Much have I traveled in the realms of gold And many goodly states and kingdoms seen; Round many western islands have I been Which bards in fealty to Apollo hold. Oft of one wide expanse had I been told That deep-browed Homer ruled as his demesne; Yet never did I breathe its pure serene Till I heard Chapman speak out loud and bold: Then felt I like some watcher of the skies When a new planet swims into his ken; Or like stout Cortez when with eagle eyes He stared at the Pacific—and all his men Looked at each other with a wild surmise— Silent, upon a peak in Darien.
John Keats - 1795-1821
The day is gone, and all its sweets are gone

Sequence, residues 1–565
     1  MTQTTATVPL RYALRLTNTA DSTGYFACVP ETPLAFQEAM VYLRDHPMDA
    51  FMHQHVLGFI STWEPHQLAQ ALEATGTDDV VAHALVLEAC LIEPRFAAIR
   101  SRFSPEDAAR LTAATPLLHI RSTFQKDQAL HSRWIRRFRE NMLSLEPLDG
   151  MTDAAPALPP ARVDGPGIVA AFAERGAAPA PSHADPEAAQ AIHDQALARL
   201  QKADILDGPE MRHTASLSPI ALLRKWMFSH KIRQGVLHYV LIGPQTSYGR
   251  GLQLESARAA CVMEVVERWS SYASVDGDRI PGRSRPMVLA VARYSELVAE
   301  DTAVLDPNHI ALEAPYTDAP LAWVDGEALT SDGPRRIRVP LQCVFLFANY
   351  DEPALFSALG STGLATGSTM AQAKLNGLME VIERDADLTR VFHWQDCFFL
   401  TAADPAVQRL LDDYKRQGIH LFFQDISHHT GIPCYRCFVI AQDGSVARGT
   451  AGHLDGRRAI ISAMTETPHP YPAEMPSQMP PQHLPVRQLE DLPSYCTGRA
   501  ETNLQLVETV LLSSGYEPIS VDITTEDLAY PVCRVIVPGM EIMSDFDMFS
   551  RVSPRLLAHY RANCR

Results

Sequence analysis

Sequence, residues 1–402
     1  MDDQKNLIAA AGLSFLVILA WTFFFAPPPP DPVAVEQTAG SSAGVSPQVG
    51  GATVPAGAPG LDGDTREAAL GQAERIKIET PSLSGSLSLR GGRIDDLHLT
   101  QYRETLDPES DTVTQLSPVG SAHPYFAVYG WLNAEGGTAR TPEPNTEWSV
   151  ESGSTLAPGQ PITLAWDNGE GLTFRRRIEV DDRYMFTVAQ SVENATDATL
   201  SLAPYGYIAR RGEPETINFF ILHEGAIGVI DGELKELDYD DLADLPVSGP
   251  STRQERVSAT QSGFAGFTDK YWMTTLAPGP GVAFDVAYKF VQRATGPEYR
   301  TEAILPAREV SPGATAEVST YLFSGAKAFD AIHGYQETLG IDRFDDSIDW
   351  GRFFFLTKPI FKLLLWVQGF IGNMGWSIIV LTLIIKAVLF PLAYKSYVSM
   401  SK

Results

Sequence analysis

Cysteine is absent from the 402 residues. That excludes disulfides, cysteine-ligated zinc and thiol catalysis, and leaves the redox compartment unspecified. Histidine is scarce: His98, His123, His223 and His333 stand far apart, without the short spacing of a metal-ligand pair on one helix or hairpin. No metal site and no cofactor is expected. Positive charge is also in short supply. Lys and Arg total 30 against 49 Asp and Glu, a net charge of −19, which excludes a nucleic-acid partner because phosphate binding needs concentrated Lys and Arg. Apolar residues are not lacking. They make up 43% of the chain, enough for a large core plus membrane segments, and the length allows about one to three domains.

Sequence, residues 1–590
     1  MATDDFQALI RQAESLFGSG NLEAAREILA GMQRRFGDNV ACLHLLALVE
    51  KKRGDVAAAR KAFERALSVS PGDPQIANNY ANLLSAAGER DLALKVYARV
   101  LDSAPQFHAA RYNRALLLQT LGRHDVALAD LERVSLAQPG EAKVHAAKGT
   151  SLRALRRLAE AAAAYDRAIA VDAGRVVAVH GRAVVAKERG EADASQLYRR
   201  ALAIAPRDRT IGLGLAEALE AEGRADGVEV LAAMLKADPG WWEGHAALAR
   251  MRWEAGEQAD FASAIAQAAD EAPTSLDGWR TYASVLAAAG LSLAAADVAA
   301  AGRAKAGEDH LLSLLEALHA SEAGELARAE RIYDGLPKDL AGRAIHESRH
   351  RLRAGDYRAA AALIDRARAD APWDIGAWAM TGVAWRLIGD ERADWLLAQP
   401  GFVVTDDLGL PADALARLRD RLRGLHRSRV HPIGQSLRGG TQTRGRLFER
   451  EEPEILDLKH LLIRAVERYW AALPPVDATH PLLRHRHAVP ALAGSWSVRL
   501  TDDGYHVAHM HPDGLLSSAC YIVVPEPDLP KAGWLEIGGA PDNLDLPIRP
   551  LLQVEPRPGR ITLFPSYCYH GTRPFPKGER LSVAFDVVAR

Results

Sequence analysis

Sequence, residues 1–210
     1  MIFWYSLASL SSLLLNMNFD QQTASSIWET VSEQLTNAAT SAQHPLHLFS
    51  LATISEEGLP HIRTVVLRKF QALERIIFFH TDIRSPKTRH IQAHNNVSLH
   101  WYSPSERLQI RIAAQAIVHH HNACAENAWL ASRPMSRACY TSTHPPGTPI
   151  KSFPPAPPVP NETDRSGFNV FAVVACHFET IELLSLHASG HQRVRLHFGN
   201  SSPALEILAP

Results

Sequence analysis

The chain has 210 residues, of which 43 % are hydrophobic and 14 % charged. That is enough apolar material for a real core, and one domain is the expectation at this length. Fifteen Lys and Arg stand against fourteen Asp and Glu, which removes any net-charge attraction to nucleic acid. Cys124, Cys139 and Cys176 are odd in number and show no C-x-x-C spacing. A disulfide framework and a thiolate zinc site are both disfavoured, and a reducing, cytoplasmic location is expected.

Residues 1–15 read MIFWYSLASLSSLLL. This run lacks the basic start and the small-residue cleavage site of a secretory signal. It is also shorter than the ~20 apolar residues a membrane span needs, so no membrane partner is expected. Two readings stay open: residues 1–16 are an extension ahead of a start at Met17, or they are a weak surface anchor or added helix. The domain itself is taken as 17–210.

For Fanny Brawne The day is gone, and all its sweets are gone! Sweet voice, sweet lips, soft hand, and softer breast, Warm breath, light whisper, tender semitone, Bright eyes, accomplished shape, and lang'rous waist! Faded the flower and all its budded charms, Faded the sight of beauty from my eyes, Faded the shape of beauty from my arms, Faded the voice, warmth, whiteness, paradise! Vanished unseasonably at shut of eve, When the dusk holiday—or holinight— Of fragrant-curtained love begins to weave The woof of darkness thick, for hid delight; But, as I've read love's missal through today, He'll let me sleep, seeing I fast and pray.